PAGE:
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5G and IoT: The next wave of communications tax complexity

In the first article of this series we introduced the hot topics of 5G and IoT, or the “internet of things.” We are becoming increasingly surrounded by IoT devices in both our business and personal lives, and this will only continue to grow as 5G technology improves and becomes more pervasive.

But did you know that there are several red flags that indicate a 5G-powered IoT device or service may have a more complex and costly communications tax responsibility, rather than a simple sales tax requirement? This final article in our series will help you know what to look for, and steps you should take to prepare.

5G and IoT technology

First, it’s important to understand exactly what 5G really is. While it may feel like magic with all the hype (and it will be impressive), 5G is basically the next level of wireless connectivity following 3G and 4G. 5G will deliver faster speeds, lower latency and greater reliability than the 4G technology that powers most mobile phones today. The benefits of this heightened connectivity will enable new and exciting applications across every industry, from health care to agriculture to transportation. It is considered a game-changer due to the truly revolutionary types of applications that it can enable.

Powered by 5G, the IoT market is predicted to explode over the next decade. With consumer, business and government applications, sensors can be attached to just about any “thing”— cars, refrigerators, virtual reality games, thermostats, soil monitors, tractors, shipping pallets, streetlights, cows, defense equipment — and they will transmit huge amounts of data to power these exciting new services and business insights. The National Science Foundation estimates that by 2020, IoT will connect 50 billion smart things via 1 trillion sensors, and according to a survey conducted by Ericcson, 70 percent of companies will have some form of IoT application in production by 2021.

These devices and their applications all rely on one thing — connectivity to the 5G network. What is critical to understand is that this connectivity may be communications taxable. If your company or a company you are advising is entering the IoT device or application space, it’s imperative to consider the communications tax implications. Failing to do so could lead to major fines and penalties with material implications. However, by approaching these services proactively, you can confidently roll them out while minimizing the risk of a surprise.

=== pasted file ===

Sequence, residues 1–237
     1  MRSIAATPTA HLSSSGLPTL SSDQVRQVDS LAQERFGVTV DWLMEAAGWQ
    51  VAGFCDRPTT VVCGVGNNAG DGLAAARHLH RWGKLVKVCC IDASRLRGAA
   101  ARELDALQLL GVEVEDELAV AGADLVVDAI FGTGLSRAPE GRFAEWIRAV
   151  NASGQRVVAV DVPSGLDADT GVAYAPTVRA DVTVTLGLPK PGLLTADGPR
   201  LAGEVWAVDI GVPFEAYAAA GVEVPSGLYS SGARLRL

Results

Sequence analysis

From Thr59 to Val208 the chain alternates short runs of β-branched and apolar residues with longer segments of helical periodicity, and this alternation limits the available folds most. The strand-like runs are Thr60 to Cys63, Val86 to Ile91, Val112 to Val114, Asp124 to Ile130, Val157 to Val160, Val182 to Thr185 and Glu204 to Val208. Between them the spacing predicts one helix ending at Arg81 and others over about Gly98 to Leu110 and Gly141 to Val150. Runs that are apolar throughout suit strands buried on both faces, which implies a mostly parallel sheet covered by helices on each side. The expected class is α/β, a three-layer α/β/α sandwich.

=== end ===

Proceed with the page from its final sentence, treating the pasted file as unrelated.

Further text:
IoT tax complexity

Greatly simplified, understanding the complexity of communications tax for IoT devices and services comes down to three main questions regarding connectivity. There are many nuances to each of these, but at the core you can look to these for guidance:

1. How is the connectivity provided? Understand whether the connectivity service is provided via Wi-Fi, is connecting to an existing home or business internet connection, or is embedded on the actual device. The only one that is communications taxable: embedded on the existing device.

2. How is the application service provided? If the primary service is provided directly via the device, then it’s likely communications taxable. However, if it’s provided “over-the-top” of an existing service, it may not be communications taxable.

3. Who provides the service? This is the most complicated question. There must be a transaction, or a point of consideration, for taxability. Who in the supply chain is supplying the taxable service? And is it to a taxable entity? How is it bundled? There are many more layers of complexity.

These questions are difficult to untangle, even for those well-versed in communications tax. If you or your client are embarking on an IoT product or service journey, it is best to consult with an expert to be absolutely certain what communications tax responsibilities might be on the horizon. It’s far easier, and often less costly, to plan ahead than to fix mistakes.

Meet the tax challenge head on

When your company or one you are working with is developing 5G-powered IoT services, there are steps you can take to help ensure you fully understand the tax responsibilities. This will help roll out the services with minimized risk of a huge tax surprise down the road.

  • Start by getting people in place. Accounting departments at most small and medium-sized businesses don’t have the staff or expertise necessary to handle communications tax compliance, both for calculation and filing. Either hire that capability or find a trusted advisor or vendor with niche experience to help you.

  • Build the right technical structure. The technical requirements to calculate, track and bill communications tax are very different than sales and use tax. Depending on the number of jurisdictions you are in, this can quickly become unmanageable without appropriate tax and billing platform automation.

  • Brush up on the technology. It never hurts to make sure you truly understand the technology — 5G, IoT, and how your products and services fit into the big picture. The better you know how it all works, the easier it will be for you to understand the tax responsibility.

Communications tax — where do you go from here?

This series has provided a practical introduction to the complex issues related to communications tax responsibility. While consulting with an expert is always the first and best recommendation, hopefully you’ve learned some tips to help ensure ongoing compliance.

Review the whole series here:

This article was originally published by Accountingtoday.com. Read the original article here.



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